67. Although it is true that we Christians have at times incorrectly interpreted the Scriptures, nowadays we must forcefully reject the notion that our being created in God’s image and given dominion over the earth justifies absolute domination over other creatures. The biblical texts are to be read in their context, recognising that they tell us to “till and keep” the garden of the world (cf. Genesis 2:15). “Tilling” refers to cultivating, ploughing or working, while “keeping” means caring, protecting, overseeing and preserving. This implies a relationship of mutual responsibility between human beings and nature. Each community can take from the bounty of the earth whatever it needs for subsistence, but it also has the duty to protect the earth and to ensure its fruitfulness for coming generations. “The earth is the Lord’s” (Psalm. 24:1); “The land shall not be sold in perpetuity, for the land is mine; for you are strangers and sojourners with me” (Leviticus 25:23).
68. The laws found in the Bible dwell on relationships, not only among individuals but also with other living beings. “You shall not see your brother’s donkey or his ox fallen down by the way and withhold your help… If you chance to come upon a bird’s nest in any tree or on the ground, with young ones or eggs and the mother sitting upon the young or upon the eggs; you shall not take the mother with the young” (Dt 22:4, 6). Along these same lines, rest on the seventh day is meant not only for human beings, but also so “that your ox and your donkey may have rest” (Exodus 23:12). Clearly, the Bible has no place for a tyrannical anthropocentrism unconcerned for other creatures.
69. We are called to recognise that other living beings have a value of their own in God’s eyes and indeed, “the Lord rejoices in all his works” (Psalm 104:31). By virtue of our unique dignity and our gift of intelligence, we are called to respect creation and its inherent laws, for “the Lord by wisdom founded the earth” (Proverbs 3:19).The Catechism clearly and forcefully criticises a distorted anthropocentrism: “Each creature possesses its own particular goodness and perfection… Each of the various creatures, willed in its own being, reflects in its own way a ray of God’s infinite wisdom and goodness. Man must therefore respect the particular goodness of every creature, to avoid any disordered use of things”.
Biology is much more than we might have been taught at school, its remit is the whole of creation, as Pope Francis makes clear here. It may look at lab experiments but has also to get out in the field, observe what’s going on and predict what is likely to happen if humans continue to act as we have been doing. The future must not be entrusted to multinational corporations.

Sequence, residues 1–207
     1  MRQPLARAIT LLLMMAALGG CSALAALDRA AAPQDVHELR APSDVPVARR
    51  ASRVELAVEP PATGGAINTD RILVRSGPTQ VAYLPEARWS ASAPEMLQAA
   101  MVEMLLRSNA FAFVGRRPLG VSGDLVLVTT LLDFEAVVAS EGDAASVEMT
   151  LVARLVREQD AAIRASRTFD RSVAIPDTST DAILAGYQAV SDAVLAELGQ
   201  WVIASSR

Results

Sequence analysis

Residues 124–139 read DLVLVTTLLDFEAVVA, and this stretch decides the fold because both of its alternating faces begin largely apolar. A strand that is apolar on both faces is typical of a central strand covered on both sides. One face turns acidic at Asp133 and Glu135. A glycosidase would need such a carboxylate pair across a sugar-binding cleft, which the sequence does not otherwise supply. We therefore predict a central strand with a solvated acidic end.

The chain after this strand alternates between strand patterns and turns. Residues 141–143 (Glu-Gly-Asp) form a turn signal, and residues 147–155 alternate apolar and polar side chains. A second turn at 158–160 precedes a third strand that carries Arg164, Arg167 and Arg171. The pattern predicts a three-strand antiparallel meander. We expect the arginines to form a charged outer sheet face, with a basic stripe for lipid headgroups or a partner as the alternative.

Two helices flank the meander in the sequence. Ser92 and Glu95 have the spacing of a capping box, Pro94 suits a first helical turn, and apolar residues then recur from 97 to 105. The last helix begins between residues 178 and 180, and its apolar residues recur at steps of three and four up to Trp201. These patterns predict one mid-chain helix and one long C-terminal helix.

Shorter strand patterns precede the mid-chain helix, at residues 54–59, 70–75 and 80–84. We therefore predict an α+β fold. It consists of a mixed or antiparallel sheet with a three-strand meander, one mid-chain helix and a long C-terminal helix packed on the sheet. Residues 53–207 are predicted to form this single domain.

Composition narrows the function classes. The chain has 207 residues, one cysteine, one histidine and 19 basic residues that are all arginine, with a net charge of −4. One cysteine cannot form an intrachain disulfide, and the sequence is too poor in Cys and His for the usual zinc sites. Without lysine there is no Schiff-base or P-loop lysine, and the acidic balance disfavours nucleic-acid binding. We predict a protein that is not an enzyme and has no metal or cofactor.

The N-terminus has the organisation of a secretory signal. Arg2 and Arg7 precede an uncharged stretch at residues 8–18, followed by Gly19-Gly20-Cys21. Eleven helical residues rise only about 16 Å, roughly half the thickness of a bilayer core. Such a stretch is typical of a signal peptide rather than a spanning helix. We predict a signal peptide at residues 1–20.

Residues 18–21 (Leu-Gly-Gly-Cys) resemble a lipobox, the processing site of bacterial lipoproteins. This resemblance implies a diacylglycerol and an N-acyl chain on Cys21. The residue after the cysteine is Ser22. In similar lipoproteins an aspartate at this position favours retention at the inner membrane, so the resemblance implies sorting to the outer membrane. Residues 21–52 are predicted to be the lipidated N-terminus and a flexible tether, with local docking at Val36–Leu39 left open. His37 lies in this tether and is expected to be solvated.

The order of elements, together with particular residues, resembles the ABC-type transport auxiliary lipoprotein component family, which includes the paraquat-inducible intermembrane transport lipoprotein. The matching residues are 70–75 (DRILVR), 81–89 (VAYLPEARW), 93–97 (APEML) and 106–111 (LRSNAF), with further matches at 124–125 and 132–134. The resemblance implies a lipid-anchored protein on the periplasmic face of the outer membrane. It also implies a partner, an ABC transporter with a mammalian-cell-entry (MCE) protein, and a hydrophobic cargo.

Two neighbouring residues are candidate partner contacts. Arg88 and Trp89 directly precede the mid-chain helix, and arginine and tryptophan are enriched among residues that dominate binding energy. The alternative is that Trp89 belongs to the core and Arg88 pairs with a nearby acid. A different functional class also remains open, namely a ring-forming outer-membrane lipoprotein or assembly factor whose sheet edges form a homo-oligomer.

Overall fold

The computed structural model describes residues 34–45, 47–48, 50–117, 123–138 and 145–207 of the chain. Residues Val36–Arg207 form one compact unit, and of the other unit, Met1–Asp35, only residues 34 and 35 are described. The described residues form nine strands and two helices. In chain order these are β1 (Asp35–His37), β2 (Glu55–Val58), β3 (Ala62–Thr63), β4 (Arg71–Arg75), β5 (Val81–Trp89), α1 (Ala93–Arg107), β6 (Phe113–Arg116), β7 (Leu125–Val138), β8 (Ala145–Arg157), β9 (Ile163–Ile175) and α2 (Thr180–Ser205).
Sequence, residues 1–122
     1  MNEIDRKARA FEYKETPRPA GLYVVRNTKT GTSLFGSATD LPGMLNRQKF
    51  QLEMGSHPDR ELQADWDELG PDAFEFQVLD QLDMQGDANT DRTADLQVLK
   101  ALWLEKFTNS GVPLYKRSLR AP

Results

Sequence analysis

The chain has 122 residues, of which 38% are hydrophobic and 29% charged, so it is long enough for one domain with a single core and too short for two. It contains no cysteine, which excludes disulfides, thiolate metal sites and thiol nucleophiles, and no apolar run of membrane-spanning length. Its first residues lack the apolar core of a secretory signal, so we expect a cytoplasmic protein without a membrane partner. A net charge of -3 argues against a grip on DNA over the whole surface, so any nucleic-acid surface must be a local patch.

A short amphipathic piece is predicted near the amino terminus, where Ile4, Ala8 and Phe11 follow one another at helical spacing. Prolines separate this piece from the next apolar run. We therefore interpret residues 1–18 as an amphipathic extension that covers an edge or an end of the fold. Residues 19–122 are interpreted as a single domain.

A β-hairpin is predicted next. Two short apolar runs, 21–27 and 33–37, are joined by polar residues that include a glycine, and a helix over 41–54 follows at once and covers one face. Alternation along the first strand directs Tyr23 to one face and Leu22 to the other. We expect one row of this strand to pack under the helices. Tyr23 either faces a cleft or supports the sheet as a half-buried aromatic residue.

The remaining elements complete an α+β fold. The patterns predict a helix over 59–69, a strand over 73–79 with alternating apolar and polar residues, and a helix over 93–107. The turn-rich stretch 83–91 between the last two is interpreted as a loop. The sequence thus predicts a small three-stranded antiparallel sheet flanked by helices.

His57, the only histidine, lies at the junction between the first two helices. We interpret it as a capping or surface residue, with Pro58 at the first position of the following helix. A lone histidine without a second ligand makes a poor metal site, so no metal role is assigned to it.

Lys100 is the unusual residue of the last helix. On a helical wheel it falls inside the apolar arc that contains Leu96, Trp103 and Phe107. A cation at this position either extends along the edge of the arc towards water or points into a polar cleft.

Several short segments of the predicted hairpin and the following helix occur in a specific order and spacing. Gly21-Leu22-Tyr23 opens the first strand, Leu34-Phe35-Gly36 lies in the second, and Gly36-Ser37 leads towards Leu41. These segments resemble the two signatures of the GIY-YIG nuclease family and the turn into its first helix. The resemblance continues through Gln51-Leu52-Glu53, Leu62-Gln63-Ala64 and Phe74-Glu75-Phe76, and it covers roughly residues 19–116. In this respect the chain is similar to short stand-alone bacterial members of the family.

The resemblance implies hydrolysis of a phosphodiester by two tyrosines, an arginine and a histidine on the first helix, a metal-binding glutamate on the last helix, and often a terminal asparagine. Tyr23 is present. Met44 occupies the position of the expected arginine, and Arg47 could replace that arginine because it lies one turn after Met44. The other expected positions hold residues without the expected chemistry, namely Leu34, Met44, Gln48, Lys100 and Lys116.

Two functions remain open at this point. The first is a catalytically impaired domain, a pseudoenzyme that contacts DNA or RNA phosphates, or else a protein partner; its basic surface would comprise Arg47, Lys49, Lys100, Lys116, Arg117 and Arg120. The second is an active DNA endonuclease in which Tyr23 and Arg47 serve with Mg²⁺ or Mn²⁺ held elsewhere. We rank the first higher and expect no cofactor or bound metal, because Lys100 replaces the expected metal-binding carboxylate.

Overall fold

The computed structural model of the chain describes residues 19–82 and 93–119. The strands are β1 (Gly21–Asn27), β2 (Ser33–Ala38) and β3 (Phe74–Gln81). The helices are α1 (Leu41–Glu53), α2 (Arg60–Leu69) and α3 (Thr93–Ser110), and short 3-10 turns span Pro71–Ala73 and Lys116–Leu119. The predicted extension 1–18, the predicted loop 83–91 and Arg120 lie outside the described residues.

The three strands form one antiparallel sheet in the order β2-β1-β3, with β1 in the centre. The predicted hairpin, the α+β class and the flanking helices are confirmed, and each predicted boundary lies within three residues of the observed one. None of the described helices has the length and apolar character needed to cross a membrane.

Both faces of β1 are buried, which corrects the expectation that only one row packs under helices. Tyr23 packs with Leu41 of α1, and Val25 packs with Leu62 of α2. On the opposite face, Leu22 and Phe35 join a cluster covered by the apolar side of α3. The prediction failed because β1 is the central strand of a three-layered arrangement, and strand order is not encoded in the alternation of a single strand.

35. Highways, new plantations, the fencing-off of certain areas, the damming of water sources, and similar developments, crowd out natural habitats and, at times, break them up in such a way that animal populations can no longer migrate or roam freely. As a result, some species face extinction. Alternatives exist which at least lessen the impact of these projects, like the creation of biological corridors, but few countries demonstrate such concern and foresight.
36. Caring for ecosystems demands farsightedness, since no one looking for quick and easy profit is truly interested in their preservation. We can be silent witnesses to terrible injustices if we think that we can obtain significant benefits by making the rest of humanity, present and future, pay the extremely high costs of environmental deterioration.
37. Some countries have made significant progress in establishing sanctuaries on land and in the oceans. Certain places need greater protection because of their immense importance for the global ecosystem, or because they represent important water reserves and thus safeguard other forms of life.
38. Let us mention, for example, those richly biodiverse lungs of our planet which are the Amazon and the Congo basins, or the great aquifers and glaciers. We know how important these are for the entire earth and for the future of humanity. The ecosystems of tropical forests possess an enormously complex biodiversity which is almost impossible to appreciate fully, yet when these forests are burned down or levelled for purposes of cultivation, within the space of a few years countless species are lost and the areas frequently become arid wastelands. A delicate balance has to be maintained when speaking about these places, for we cannot overlook the huge global economic interests which, under the guise of protecting them, can undermine the sovereignty of individual nations. We cannot fail to praise the commitment of international agencies and civil society organisations which draw public attention to these issues and offer critical cooperation, employing legitimate means of pressure, to ensure that each government carries out its proper and inalienable responsibility to preserve its country’s environment and natural resources, without capitulating to spurious local or international interests.
Sheila Billingsley has sent us a poem about the great golden cloud that descends on Southern England and elsewhere at this time of year – oilseed rape, a member of the cabbage family and the source of much of the vegetable oil on supermarket and kitchen shelves. It’s actually a staple of our diet, keeps us alive, so deserves a poem of its own.
Do you then reflect the sun ?
Out-- buttering the buttercups.
You gild our fields and hillsides
With your glory!
Your down-to-earth mothering
To feed yet glorify the earth.
There must be-----somewhere----
In God's eternal memory,
Another, golden name.
SB February 2021
Ines’s foreshortened view of Canterbury crosses a patch of bright yellow oilseed rape, or colza as the French call it. I don’t know that colza is quite the golden name that Sheila was looking for; it won’t catch on!
The photograph above is by Myrabella, and shows a crop of colza – or oilseed rape – in Burgundy, France.